|1. Memorial:||Freemasons VC Memorial||Great Queen Street|
Awards & Titles:
|Victoria Cross |
Family :Sinton was born in Victoria, British Columbia, the third of the seven children of Walter Lyon Sinton (1860–1930) and his wife, Isabella Mary, née Pringle (1860–1924), a family of Quaker linen manufacturers from north of Ireland. On his mother's side he was a cousin of James Pringle, and a nephew of Thomas Sinton and cousin of Ernest Walton on his father's. In 1890 they returned to Ulster where he was educated and lived for the rest of his life. He studied at the Royal Belfast Academical Institution and read medicine at the Queen's University, Belfast, where he graduated in 1908 as first in his year. He went on to attain degrees from the University of Cambridge (1910) and the University of Liverpool (1911).
Sinton joined the Indian Medical Service in 1911, coming first in the entrance examinations, but before being posted to India was seconded as the Queen's University research scholar to the Liverpool School of Tropical Medicine where his contact with Sir Ronald Ross may have influenced his later career as a malariologist.
Education & Career :
Sinton is the only Fellow of the Royal Society to have received a Victoria Cross. In his retirement he served as Deputy Lieutenant for County Tyrone and, in 1953, as High Sheriff of Tyrone.
At Kasauli, Sinton met Eadith Seymour Steuart-Martin (1894–1977), daughter of Edwin Steuart-Martin and Ada May Martin (née Martin), whom he married on 19 September 1923. Their daughter, Eleanor Isabel Mary Sinton, was born at Kasauli on 9 December 1924.
His name is remembered in Sinton Halls, a student housing block at the Queen's University, Belfast, where he sat on the senate and was a Pro-Chancellor. The Sinton Medical and Dental Centre at Thiepval Barracks, Lisburn is also named in his honour. Others honoured Sinton by naming three mosquito species, Aedes sintoni, Anopheles sintoni, and Anopheles sintonoides, one sandfly species, Sergentomyia sintoni, and one subgenus Sintonius of the genus Phlebotomus, after him.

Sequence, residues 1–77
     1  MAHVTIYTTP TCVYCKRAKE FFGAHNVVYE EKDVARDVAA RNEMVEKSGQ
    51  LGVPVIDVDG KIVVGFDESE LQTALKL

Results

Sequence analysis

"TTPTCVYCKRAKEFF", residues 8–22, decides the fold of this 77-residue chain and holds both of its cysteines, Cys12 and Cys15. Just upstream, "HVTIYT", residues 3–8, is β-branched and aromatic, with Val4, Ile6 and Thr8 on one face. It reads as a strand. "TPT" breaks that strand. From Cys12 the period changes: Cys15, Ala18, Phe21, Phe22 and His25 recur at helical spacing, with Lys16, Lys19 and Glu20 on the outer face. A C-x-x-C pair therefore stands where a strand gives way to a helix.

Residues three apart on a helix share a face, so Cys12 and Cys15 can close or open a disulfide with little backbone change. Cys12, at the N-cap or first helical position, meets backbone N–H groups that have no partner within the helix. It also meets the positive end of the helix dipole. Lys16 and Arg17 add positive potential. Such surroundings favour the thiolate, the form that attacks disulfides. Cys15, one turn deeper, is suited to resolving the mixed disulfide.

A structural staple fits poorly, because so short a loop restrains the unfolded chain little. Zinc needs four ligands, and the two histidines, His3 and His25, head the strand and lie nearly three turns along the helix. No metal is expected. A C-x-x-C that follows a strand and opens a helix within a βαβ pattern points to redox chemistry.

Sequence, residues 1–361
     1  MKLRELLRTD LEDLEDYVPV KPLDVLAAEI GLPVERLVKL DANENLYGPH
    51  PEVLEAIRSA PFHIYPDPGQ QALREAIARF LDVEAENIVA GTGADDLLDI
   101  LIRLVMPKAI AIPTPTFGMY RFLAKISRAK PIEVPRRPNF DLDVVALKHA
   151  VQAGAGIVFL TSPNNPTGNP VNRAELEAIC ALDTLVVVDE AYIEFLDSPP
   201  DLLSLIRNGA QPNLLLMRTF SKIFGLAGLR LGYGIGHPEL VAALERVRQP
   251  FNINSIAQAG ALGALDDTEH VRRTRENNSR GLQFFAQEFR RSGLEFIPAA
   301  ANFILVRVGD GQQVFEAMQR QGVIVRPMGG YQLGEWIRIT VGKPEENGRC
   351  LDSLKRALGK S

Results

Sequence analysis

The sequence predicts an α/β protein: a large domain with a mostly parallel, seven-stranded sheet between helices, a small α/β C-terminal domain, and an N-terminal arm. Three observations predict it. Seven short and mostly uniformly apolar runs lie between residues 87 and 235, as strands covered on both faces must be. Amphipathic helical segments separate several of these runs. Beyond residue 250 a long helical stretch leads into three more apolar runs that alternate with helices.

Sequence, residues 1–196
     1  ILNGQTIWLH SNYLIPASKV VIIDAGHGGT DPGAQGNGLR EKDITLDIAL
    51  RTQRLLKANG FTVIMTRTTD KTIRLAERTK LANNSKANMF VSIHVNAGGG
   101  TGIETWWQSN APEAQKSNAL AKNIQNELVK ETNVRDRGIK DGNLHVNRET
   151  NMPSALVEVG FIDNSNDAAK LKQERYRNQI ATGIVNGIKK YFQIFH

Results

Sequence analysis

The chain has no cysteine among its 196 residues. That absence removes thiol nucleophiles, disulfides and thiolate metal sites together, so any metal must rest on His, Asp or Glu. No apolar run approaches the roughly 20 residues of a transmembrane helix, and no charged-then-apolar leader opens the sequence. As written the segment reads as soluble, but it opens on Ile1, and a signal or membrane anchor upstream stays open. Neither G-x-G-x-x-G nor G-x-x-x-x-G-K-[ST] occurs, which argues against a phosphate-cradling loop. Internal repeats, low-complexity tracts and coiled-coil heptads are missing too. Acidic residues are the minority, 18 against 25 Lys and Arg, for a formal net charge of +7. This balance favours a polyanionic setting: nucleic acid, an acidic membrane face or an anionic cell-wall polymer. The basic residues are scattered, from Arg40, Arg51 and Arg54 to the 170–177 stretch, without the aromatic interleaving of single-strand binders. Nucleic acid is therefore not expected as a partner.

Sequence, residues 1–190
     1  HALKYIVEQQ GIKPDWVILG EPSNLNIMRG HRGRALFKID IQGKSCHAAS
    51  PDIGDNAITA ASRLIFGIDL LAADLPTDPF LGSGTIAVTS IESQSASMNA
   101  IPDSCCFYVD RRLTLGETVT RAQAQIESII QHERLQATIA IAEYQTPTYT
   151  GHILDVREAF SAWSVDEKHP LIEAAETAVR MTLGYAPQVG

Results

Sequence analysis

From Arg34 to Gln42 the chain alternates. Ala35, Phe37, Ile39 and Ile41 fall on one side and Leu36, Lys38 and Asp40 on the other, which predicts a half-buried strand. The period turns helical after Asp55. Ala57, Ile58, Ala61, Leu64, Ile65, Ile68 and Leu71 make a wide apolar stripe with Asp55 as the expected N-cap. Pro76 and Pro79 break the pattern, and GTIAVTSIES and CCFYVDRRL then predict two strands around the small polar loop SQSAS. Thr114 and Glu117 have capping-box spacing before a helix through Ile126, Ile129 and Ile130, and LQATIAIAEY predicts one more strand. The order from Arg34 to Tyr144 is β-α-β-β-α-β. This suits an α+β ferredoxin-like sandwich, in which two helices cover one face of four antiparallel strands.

He died at his home at Slaghtfreedan Lodge, Cookstown, County Tyrone, on 25 March 1956 and was buried with full military honours on 28 March at Claggan Presbyterian cemetery in Cookstown. Colonel H. W. Mulligan in an obituary in the British Medical Journal described him thus:
Sinton had an exceptionally quick, receptive, and retentive brain, but his greatness sprang not so much from his unusual intellectual gifts as from the simple qualities of absolute integrity and tremendous industry
His Victoria Cross is displayed at the Army Medical Services Museum at Aldershot.
- The First World War 1914-1918, World-wide.
|Unit / Ship / Est.: Indian Medical Service|
|Action : War Survivor|
Although many perished in times of national conflict and in the service of their country, many more survived including those interned as Prisoners of War. Stories of those who did survive are included as part of this site, especially those with high gallantry awards, those included against an external rolls of honour and those who had a distinguished career in wartime and military leaderhip.
Citations & Commemorations :For most conspicuous bravery and devotion to duty. Although shot through both arms and through the side, he refused to go to hospital, and remained as long as daylight lasted, attending to his duties under very heavy fire. In three previous actions Captain Sinton displayed the utmost bravery.
|Type||Lodge Name and No.||Province/District :|
|Mother :||Triune Brotherhood No. 2121 E.C.||East Punjab|
The project globally acknowledges the following as sources of information for research across the whole database:
- The Commonwealth War Graves Commission
- The (UK) National Archives
- Ancestry.co.uk - Genealogy, Family Trees & Family History online
- ugle.org.uk - The records of the United Grand Lodge of England including the Library and Museum of Freemasonry
- Founder Researchers : Paul Masters & Mike McCarthy
- Researcher : Bruce Littley